‘Pacific Rim: Uprising’ — FIlm Review

Giant robots (Jaegers) battle giant lizards (Kaiju) in aggressively commercial bore-fest

Turning an action blockbuster into a successful franchise can be a tricky undertaking. Get it right and you’re laughing all the way to the bank. Get it wrong and you risk tarnishing the memory of a classic. Pacific Rim: Uprising — sequel to Guillermo Del Toro’s 2013 global smash – fits firmly in the latter camp.

Set 10 years after the explosive events of the original, PRU follows ex-Jaeger pilot Jake Pentecost (John Boyega), son of Stacker Pentecost (Idris Elba) — the legendary war hero killed preventing a Kaiju-led apocalypse. Unlike his strict father, Jake enjoys a life of indulgence and sells stolen Jaeger parts on the black market to fund his partying. After a run in with the law, he’s given an ultimatum: return to the Jaeger Academy as an instructor (where talented recruits learn how to control the giant robots) or face prison instead. Obviously, he chooses the second option and moves back to base just as a new Kaiju-shaped threat is emerging.

Thankfully, that’s where things start to get interesting. The first half is all plodding exposition, building painfully to a climax. But when the initial, actually-surprising twist hits, the previously conventional plot is thrown for a loop. Old friends turn into enemies and once-solid truths prove false. It’s sort-of clever, and quite engaging for a robot-monster smash-em-up. The problems come only when important character development is swapped out for extra explosions and reptile-on-metal combat.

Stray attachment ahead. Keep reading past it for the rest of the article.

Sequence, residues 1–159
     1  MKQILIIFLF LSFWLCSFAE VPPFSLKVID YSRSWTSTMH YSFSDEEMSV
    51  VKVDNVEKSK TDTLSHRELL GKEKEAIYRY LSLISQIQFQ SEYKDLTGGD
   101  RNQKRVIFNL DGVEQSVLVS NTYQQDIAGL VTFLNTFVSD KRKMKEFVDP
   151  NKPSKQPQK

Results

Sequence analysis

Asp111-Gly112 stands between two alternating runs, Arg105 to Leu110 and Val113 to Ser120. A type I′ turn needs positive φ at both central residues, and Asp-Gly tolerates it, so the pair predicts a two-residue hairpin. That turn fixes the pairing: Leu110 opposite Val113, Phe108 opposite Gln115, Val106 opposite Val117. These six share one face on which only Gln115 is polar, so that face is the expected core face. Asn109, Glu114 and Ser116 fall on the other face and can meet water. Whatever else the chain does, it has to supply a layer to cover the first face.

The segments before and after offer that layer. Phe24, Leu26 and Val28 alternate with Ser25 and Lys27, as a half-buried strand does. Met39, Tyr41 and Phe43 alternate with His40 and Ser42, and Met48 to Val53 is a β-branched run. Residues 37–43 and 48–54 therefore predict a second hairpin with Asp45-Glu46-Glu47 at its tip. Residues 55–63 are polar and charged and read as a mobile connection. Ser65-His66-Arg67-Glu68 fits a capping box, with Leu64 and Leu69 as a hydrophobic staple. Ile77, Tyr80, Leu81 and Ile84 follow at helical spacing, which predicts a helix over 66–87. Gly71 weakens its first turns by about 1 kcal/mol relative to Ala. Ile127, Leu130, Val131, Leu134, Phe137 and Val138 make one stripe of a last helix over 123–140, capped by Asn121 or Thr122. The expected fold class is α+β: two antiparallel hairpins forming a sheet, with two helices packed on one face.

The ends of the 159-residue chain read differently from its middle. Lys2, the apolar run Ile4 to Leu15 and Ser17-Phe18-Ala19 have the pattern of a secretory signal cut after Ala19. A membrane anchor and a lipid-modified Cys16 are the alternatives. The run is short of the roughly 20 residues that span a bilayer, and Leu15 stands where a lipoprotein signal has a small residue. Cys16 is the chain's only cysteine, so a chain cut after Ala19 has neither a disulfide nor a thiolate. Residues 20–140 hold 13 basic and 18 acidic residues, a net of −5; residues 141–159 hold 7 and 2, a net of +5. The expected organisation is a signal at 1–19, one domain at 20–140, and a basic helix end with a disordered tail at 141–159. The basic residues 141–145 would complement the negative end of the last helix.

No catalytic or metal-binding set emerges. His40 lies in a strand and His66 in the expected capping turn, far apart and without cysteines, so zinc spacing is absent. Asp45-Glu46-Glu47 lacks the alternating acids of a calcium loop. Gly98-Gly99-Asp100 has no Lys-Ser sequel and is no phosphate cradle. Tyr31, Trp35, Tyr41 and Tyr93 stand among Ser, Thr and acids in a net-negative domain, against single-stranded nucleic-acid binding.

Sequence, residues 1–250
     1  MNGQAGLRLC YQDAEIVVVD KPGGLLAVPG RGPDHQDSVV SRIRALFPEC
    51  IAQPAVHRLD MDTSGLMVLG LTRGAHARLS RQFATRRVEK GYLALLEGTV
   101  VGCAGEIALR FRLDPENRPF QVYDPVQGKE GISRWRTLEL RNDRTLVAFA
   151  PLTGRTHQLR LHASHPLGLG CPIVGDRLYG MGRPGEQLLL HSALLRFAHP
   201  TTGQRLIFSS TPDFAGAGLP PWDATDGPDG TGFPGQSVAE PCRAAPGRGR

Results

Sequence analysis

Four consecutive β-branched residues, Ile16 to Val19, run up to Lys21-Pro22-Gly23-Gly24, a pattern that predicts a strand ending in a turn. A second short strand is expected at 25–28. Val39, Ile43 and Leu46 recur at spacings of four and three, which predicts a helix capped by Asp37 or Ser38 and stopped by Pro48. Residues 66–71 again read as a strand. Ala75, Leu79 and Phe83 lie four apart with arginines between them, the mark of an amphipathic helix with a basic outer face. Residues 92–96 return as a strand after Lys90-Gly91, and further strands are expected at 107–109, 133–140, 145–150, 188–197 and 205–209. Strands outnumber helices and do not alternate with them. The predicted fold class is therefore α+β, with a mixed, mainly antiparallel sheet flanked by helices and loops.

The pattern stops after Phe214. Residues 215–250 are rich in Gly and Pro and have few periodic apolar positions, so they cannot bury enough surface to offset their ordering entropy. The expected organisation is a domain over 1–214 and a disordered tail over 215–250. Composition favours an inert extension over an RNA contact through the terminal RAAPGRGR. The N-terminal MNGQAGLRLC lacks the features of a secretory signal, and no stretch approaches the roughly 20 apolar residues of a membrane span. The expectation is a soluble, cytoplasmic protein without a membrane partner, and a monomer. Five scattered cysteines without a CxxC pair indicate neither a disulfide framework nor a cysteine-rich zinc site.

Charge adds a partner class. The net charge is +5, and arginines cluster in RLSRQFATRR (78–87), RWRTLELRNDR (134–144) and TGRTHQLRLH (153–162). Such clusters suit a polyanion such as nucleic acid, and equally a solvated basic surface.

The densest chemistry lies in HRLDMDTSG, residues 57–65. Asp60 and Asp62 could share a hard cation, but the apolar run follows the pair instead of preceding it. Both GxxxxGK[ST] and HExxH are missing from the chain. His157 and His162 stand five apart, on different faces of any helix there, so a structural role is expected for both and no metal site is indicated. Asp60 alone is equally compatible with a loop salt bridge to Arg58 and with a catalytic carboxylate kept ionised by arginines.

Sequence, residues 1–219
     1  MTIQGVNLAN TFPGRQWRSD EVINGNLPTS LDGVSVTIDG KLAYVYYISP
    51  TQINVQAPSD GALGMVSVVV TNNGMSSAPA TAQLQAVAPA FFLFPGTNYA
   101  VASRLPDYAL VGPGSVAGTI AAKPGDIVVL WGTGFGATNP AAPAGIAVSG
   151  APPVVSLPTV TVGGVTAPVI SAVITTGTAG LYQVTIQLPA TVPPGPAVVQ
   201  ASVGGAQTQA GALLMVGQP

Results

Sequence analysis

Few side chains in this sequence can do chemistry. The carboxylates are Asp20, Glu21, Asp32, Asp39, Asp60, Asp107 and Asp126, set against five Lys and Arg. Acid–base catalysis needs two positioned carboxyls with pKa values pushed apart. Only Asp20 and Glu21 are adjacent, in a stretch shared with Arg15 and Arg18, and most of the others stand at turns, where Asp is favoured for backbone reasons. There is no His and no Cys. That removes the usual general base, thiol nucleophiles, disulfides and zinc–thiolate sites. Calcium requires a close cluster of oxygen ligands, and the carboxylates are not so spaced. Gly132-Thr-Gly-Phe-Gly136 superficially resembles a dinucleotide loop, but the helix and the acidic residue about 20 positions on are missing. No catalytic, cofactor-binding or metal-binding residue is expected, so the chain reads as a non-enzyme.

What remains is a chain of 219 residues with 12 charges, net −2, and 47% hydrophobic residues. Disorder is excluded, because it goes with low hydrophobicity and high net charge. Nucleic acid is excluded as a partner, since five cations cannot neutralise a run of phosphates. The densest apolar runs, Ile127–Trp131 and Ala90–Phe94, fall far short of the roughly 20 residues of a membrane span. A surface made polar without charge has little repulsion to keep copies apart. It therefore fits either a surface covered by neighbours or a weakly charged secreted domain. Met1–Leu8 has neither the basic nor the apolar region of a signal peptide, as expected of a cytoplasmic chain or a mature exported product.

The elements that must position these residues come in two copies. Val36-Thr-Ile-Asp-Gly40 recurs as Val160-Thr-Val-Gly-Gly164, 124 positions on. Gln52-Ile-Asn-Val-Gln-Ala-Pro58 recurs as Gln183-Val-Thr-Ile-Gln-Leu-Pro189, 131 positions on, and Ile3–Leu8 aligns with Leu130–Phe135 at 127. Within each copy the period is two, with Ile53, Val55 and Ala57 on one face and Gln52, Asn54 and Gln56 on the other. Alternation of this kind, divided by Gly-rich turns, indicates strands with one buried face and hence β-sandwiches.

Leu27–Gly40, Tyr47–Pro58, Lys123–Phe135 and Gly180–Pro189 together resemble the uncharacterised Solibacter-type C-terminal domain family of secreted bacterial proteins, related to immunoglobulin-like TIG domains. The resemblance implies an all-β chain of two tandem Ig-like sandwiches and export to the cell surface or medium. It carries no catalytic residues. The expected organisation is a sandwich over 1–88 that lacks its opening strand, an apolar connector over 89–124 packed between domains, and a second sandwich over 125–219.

Crucially, there’s too many characters and few are complex enough to bother with. John Boyega is excellent as Jake — full of energy, and downright hilarious. Newcomer Cailee Spaeny impresses as plucky scavenger-turned-cadet Amara. But despite her infectious charisma, she features too sparsely to make a proper impact. The rest of the cast are nothing more than window-dressing. Director Steven S. DeKnight (Daredevil) sidelines Burn Gorman’s quirky professor and Scott Eastwood is stuck in ‘dependable military man’ mode. Even Charlie Day’s bonkers plot line feels silly rather than shocking.

If all you’re after is a quick injection of testosterone-fueled violence then step right up. But even then, Pacific Rim: Uprising might disappoint. At 111 minutes it feels bloated and the action scenes are so similar they soon grow boring. The studio is already planning a third episode in the series, but given this entry’s questionable quality that seems premature. Michael Bay’s Transformers behemoth has the genre all sewn up and with a Godzilla reboot scheduled for next year, you get the feeling this franchise might be over before it’s even begun.

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